These are items that fire inspectors will check. If the fire inspector finds problems, he/she will spend more time checking additional equipment. It's better to make sure that any equipment the fire inspector checks has been properly checked and maintained in advance of the inspection. There are companies that will perform testing and maintenance on many of these items in one visit, such as emergency lighting, exit signs, fire extinguishers, single-station smoke alarms, etc. Make sure all your heat-producing appliances are properly maintained by authorized personnel, including all manufacturing equipment, furnaces, and hot water heaters.  All commercial occupancies are required to have fire extinguishers.  Employee training and records are required for emergency procedures.

The City of Cortland Fire Department provides fire extinguisher training free of charge to businesses in the City.  Contact 607-756-5612.  Captain Jensen will help you determine your training needs.

Storage of combustible materials must be maintained in an orderly fashion, away from flame-producing appliances, and at least 18-inches below the fire sprinklers. Any combustible or flammable liquids must be in approved containers and storage cabinets. There are specific limits on the amount of combustible and flammable liquids by type of occupancy, as well as specific storage arrangements.  Contact the Code Enforcement Office to help determine your storage needs @ 607-753-1741.

There are also items that need to be addressed to help emergency-response personnel do their jobs better, including making sure the building address is clearly visible from the street, and that access to the building is not restricted.  State and National codes require that buildings allow fire departments safe and immediate access. The most common means of doing this is with fire department lock boxes. These are special fire department master-keyed lock boxes, mounted to the exterior of the building. The building owner provides essensial building keys that the fire department puts into these lock boxes for emergency use. The lock box should be readily accessible to the fire department.  These boxes are coded and secure allowing access only to fire department personnel.  If you've changed locks in your building and have a fire department lock box, make sure you have extra keys available at the time of inspection for the fire department to replace the current keys in the lockbox.  To obtain guidance on lock boxes for your business contact Tom Tobin in the Code Enforcement office @ 607-753-1741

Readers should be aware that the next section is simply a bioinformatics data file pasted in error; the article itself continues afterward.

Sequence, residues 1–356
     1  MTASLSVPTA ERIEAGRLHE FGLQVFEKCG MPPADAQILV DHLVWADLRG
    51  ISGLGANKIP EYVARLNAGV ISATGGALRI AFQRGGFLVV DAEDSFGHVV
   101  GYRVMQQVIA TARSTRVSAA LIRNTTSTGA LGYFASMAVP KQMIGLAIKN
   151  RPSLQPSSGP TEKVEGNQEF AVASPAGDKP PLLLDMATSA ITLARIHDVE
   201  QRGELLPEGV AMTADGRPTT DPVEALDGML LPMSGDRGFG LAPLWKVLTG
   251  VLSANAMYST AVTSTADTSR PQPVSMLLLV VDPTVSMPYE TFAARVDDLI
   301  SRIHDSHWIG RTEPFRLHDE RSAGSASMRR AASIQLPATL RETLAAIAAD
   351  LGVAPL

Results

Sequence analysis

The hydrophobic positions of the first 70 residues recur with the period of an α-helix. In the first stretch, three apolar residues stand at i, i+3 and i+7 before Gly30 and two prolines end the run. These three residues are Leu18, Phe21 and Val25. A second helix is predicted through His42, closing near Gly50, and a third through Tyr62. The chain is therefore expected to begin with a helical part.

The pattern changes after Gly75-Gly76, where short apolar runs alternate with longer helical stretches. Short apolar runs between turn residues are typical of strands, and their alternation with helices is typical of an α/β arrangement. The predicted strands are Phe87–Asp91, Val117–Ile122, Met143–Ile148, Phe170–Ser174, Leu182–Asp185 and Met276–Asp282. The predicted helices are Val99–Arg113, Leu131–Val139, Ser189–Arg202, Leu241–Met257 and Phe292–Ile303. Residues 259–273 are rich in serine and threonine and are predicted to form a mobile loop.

Additionally, the fire department connection (FDC) that allows the fire department to supply water to a sprinkler or standpipe system must be clearly visible and readily accessible. Landscape maintenance is often a neglected part of fire prevention.  All fire hydrants should also be clearly visible and accessible.  Clearance of hydrants should be part of the business' snow removal plan.  

Electrical-related issues, such as making sure all cover plates are installed on all electrical outets and junction boxes, should also be addressed. It's required that circuits be properly labeled  and  current on all electrical panels, and that clear access of 30 inches must be maintained in front of all electrical panels. Extension cords are not allowed except where used for temporary power; all extension cords must be heavy duty(no zip cords), in good condition, and for small appliances. All extension cords are required to be grounded, and if multiple items need to be plugged in, power strips with built-in circuit breakers are to be used, and must be plugged directly into a permanent receptacle.

It is our goal to assist you in keeping your business and community safe.  Please contact us with any questions you may have regarding your upcoming inspection or re-inspection.


Code Enforcement 607-753-1741 or through our website link.